As it is now, we’re getting the worst of both worlds—ecologically damaging cattle grazing and largely uncontrolled sprawl. Our public lands are being held hostage by ranchers who angrily oppose wolf reintroduction, persecute prairie dogs and continue to allow their livestock to destroy streams, even after they’ve sold their private lands to become the latest “Elk Meadows” subdivision. Second, the editors of Ranching West of the 100th Meridian routinely fail to consider the true ecological impacts of livestock grazing and production in the West.

As narrowly framed by Marston, Knight and Gilgert, the ecological debate about ranching in the West is little more than a conflict over how to manage grass. It’s not surprising then that the editors cite a 1994 National Academy of Sciences report to defend their position that livestock grazing is, at worst, ecologically benign. Yet that report, which used inconclusive evidence to determine whether range conditions have improved or worsened in recent decades, completely ignores the reams of evidence from the non-agriculturally oriented scientific community that implicates livestock production in the endangerment of hundreds of imperiled desert, grassland, aquatic and even forest species.

The Academy of Sciences report and Ranching West of the 100th Meridian also ignore the role that cattle grazing—by removing grasses that fuel low-intensity fires—has played in disrupting natural fire regimes across the West’s drier forests. Likewise, they fail to openly admit that the sole reason wolves are embattled refugees on the Western landscape, and that federal agents kill almost 90,000 coyotes per year, is to make the West’s open spaces safer for sheep and cattle.

And what of the continuing war against prairie dogs and beavers, keystone species whose loss has resulted in the near collapse of Western stream and grassland ecosystems? Or the hundreds of Western creeks dammed and diverted for the purpose of flood-irrigating alfalfa to sustain cattle in the winter or to fill stockponds on land where cattle could not otherwise exist? Streams, the arteries of life in the arid West, are not only routinely clogged with cattle, but have also been literally removed from the landscape to sustain cattle.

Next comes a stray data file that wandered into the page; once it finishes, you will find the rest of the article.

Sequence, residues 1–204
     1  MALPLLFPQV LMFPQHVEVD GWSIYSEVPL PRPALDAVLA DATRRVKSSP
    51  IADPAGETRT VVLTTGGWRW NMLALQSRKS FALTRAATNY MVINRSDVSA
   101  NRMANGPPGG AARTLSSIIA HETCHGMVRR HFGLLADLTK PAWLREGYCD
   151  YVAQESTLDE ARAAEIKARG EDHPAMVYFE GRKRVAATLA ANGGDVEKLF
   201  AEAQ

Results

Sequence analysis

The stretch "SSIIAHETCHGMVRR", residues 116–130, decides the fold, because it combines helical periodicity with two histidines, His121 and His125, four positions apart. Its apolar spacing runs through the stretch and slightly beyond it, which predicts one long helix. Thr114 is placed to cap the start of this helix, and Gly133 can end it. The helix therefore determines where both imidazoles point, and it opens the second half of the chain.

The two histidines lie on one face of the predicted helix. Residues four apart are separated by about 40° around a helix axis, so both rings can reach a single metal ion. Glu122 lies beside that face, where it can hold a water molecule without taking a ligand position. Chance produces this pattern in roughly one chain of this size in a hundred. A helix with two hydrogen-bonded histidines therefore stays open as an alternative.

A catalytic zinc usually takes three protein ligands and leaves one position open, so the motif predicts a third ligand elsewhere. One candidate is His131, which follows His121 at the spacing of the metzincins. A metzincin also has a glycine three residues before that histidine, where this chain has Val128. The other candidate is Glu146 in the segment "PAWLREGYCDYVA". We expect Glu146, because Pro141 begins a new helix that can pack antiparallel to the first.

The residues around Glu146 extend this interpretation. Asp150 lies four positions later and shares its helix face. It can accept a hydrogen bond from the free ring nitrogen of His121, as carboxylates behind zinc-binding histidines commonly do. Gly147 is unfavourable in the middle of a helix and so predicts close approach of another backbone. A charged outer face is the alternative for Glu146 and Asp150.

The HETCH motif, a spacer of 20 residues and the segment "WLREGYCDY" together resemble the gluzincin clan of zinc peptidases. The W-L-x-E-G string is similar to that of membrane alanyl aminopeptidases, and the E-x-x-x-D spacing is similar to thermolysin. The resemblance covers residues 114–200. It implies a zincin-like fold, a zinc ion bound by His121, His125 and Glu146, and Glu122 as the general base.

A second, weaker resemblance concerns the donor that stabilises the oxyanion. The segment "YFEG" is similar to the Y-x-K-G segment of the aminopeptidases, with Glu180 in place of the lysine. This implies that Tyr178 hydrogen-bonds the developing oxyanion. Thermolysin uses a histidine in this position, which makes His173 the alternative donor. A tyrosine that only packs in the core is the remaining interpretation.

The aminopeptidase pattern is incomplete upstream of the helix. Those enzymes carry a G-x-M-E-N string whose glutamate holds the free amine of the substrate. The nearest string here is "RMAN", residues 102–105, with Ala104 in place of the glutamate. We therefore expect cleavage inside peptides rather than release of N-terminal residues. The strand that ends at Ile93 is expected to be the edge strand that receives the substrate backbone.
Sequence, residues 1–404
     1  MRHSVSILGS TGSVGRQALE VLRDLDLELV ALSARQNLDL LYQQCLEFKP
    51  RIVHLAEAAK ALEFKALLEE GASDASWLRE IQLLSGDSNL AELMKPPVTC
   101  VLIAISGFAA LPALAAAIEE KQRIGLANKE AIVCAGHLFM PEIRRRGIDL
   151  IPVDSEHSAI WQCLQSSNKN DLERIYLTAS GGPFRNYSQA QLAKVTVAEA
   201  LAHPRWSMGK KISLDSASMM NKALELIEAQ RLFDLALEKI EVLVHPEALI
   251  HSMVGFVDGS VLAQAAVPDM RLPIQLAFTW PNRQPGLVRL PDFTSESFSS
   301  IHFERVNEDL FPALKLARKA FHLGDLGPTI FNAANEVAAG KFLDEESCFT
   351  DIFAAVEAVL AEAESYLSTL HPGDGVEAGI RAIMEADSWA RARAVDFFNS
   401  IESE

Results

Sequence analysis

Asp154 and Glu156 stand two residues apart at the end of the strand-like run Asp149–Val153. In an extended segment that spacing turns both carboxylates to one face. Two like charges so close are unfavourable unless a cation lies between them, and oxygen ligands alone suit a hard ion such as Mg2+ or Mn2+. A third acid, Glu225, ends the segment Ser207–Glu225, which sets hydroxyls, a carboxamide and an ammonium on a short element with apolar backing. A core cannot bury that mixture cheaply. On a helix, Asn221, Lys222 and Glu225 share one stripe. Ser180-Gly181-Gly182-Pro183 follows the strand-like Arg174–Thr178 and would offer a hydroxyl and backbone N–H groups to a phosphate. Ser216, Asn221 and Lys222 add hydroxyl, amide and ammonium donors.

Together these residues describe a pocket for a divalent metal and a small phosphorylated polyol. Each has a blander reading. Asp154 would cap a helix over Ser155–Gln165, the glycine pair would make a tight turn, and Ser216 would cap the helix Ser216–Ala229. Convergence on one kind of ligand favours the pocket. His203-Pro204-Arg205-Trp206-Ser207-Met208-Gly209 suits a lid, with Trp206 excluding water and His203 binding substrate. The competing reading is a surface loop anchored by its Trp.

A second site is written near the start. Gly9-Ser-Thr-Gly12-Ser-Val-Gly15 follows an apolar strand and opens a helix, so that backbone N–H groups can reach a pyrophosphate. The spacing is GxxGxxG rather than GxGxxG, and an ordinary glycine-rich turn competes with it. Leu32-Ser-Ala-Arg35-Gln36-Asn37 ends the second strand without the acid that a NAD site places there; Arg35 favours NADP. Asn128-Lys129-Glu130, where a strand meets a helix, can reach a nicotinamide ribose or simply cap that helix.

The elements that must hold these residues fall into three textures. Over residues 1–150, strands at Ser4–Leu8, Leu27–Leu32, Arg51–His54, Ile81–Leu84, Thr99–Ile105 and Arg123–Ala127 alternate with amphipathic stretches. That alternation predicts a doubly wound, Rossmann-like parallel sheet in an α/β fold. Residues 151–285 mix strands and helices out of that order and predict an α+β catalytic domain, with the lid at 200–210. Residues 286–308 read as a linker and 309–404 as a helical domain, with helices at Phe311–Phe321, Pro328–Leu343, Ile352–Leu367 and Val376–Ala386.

Perhaps the greatest failing of those who embrace the ranching culture is their unwillingness to envision another rural culture that has a wholly different relationship to the Western landscape and its wild inhabitants.

Like Knight, Gilgert and Marston, I too believe that we are working, as the late author Wallace Stegner once said, to find “a society to match (the West’s) scenery.” What I and other cattle critics have in common with some of those who seek to sustain ranching on public lands, is an abhorrence for the homogenizing influences that are slowly seeping into our distinctive Western culture and landscape.

From there, our visions part radically. The society we seek is one that doesn’t endlessly persecute the West’s wildlife, glorify gun violence, arrogantly presume a right to divert an entire creek’s flow, or turn desert grasslands into scrub.

There is another culture—even in the West’s rural outposts—that rejects consumerism, Wal-Mart, and the senseless sprawl that is sterilizing our precious Western heritage. The culture waiting to flourish as ranching inevitably wanes across the arid West is one that embraces the West’s wild heart, its droughts, fires, wolves and all of the extremes of this stark and beautiful land that we call home.

John Horning

About the Author

John Horning | Executive Director, WildEarth Guardians